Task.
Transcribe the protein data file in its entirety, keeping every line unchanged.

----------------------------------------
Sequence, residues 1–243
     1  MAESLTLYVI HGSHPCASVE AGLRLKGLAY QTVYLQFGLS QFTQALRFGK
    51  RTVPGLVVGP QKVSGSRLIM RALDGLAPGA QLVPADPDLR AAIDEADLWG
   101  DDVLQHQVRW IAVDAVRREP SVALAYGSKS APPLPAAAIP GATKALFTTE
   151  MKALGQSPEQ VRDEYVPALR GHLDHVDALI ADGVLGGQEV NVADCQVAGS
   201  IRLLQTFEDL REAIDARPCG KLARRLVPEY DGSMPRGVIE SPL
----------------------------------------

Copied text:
Sequence, residues 1–243
     1  MAESLTLYVI HGSHPCASVE AGLRLKGLAY QTVYLQFGLS QFTQALRFGK
    51  RTVPGLVVGP QKVSGSRLIM RALDGLAPGA QLVPADPDLR AAIDEADLWG
   101  DDVLQHQVRW IAVDAVRREP SVALAYGSKS APPLPAAAIP GATKALFTTE
   151  MKALGQSPEQ VRDEYVPALR GHLDHVDALI ADGVLGGQEV NVADCQVAGS
   201  IRLLQTFEDL REAIDARPCG KLARRLVPEY DGSMPRGVIE SPL